Star Valley's Town Manager Ready For The Task Ahead


Lanny Sloan, Star Valley's new town manager, said his job involves a lot of guesswork. It's the most challenging aspect of overseeing local government, especially of a town that only recently came into being.


Lanny Sloan was most recently town manager of Parker, Ariz.

"A lot of people don't get involved and let the town know what they want and need," Sloan said. "If the people don't get involved, the town manager will move the town where he thinks it needs to go and that's not right."

The Star Valley Town Council announced Sloan's hiring as town manager during its regular meeting April 4.

"He's right up to speed," Councilor Chuck Heron said. "He seems to know his way around what has to be done."

After 22 years of civic service in small towns throughout the western United States, Sloan is a municipal pro.

He said he enjoys working with elected officials and making progress.

Born in Colorado and raised in Utah, Sloan moved to Idaho in his early 20s.

Sloan, dressed casually in a patterned short-sleeved button-up and khaki slacks, defines his career as serendipitous progression of better positions to nicer regions.

"Transitions have always been easy for me," he said.

Sloan's municipal calling started in Jerome, Idaho -- a city of 8,000.

He worked in the engineering department for the Idaho Transportation Department.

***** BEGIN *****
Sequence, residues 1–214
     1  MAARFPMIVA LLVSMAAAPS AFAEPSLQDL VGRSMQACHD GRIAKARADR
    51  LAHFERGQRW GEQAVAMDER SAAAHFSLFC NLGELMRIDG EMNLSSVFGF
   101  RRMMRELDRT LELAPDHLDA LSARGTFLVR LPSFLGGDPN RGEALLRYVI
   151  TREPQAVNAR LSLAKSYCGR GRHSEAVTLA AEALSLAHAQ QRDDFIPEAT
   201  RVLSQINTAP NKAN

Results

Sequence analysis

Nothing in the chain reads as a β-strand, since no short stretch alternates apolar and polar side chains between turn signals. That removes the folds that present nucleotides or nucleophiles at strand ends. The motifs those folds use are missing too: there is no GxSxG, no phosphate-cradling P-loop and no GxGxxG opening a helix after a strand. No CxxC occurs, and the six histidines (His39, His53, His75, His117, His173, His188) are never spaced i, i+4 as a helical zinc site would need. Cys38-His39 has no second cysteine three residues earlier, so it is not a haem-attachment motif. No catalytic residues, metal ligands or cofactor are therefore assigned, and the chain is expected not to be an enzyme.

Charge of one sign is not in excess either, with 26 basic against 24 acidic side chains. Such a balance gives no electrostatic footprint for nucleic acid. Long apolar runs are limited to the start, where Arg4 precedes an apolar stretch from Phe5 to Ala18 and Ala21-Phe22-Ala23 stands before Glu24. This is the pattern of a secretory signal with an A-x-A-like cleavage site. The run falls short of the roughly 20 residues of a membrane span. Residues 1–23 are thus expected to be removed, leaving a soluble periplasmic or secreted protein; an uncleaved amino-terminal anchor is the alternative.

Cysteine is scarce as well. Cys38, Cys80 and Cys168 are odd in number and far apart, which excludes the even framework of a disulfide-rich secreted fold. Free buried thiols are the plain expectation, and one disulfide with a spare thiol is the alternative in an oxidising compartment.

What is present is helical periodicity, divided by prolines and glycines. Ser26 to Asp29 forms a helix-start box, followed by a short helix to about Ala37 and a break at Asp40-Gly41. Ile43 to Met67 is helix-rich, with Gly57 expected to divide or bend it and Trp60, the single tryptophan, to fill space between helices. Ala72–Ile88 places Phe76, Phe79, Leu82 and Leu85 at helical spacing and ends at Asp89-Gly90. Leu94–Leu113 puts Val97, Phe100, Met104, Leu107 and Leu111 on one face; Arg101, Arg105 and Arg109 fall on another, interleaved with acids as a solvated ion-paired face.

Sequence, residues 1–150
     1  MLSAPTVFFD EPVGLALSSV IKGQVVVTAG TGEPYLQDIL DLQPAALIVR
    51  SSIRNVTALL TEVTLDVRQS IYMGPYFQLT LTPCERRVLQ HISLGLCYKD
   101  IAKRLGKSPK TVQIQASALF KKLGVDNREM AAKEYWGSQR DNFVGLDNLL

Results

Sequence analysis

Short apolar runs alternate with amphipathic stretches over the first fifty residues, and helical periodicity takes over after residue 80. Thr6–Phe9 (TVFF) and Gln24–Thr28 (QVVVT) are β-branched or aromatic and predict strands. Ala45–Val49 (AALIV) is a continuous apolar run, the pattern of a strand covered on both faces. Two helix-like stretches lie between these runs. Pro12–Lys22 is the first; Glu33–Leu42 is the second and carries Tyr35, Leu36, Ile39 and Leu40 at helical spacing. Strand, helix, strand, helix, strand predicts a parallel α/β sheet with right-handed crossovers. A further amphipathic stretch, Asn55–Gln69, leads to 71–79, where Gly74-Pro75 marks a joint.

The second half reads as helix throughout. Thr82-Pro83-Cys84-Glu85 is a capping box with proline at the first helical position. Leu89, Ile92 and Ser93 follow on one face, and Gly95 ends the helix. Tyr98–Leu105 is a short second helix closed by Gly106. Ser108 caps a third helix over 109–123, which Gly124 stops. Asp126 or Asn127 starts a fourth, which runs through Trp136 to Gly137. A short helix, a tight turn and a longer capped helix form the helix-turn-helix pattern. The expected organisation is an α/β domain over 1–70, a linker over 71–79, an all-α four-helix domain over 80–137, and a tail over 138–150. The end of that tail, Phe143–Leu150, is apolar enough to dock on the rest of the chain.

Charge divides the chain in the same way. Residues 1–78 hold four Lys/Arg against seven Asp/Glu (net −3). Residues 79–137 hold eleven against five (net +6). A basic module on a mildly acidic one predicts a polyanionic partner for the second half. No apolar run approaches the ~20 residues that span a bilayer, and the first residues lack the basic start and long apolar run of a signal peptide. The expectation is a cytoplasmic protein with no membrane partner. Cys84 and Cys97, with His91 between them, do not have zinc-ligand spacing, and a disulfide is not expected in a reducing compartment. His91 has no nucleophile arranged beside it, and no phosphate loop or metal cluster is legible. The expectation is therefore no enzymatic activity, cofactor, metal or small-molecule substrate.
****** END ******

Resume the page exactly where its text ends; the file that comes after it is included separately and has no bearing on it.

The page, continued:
When a vacancy opened for the town's public works director, he took the position.

And then his responsibilities dovetailed into the post of town administrator.

A few years into his job, the once-college dropout returned to higher education and received a degree in business administration from Lewis-Clark State College in Lewiston, Idaho.

"I like building things," Sloan said. "I like to make things better."

After eight years, Sloan relocated to the briny southern Oregon coast town of Coos Bay. There he oversaw the public works department for four years.

"I was fortunate," Sloan said. "Coos Bay was a step up in training for me. I was fortunate to be able to live on the ocean so it was a matter of doing both -- having a place where I really wanted to live and a job I really enjoyed."

Then it was back to Idaho to a town of 4,800 called Salmon.

Eight years later, when his tolerance for cold weather finally ended, he headed south to warmer climes and to a small town on the Colorado River.

"I followed a job to Parker (Ariz.)," Sloan said. "I bought my first boat. I never owned a boat with a motor before."

Sloan said he found the mixture of communities -- from tribal cultures to river rats -- fascinating.

After four years in Parker, an advertisement for the town manager of Star Valley led Sloan to the Rim Country.

He and his wife Patti, a retired nurse, fell in love with the mountains that reminded them of Idaho and combined with the warm weather they left those same mountains to find.

"I'm an outdoors kind of person," he said. "Hopefully, I'll get back into fishing and hiking."

Sloan now sits behind a large office desk made of dark veneer. The white walls are void of decoration and the carpeted floor is empty save for his desk and two chairs.

But Sloan hopes to fill that office with the experience, the ideas and the involvement of Star Valley's residents while remaining objective.

"Managers stay out of the politics," he said. "I'm here to work for the council and the community. If people have issues, I hope they come in or call."

To contact Sloan, call the town office at (928) 472-7752 or visit 4180 E. Hwy. 260.

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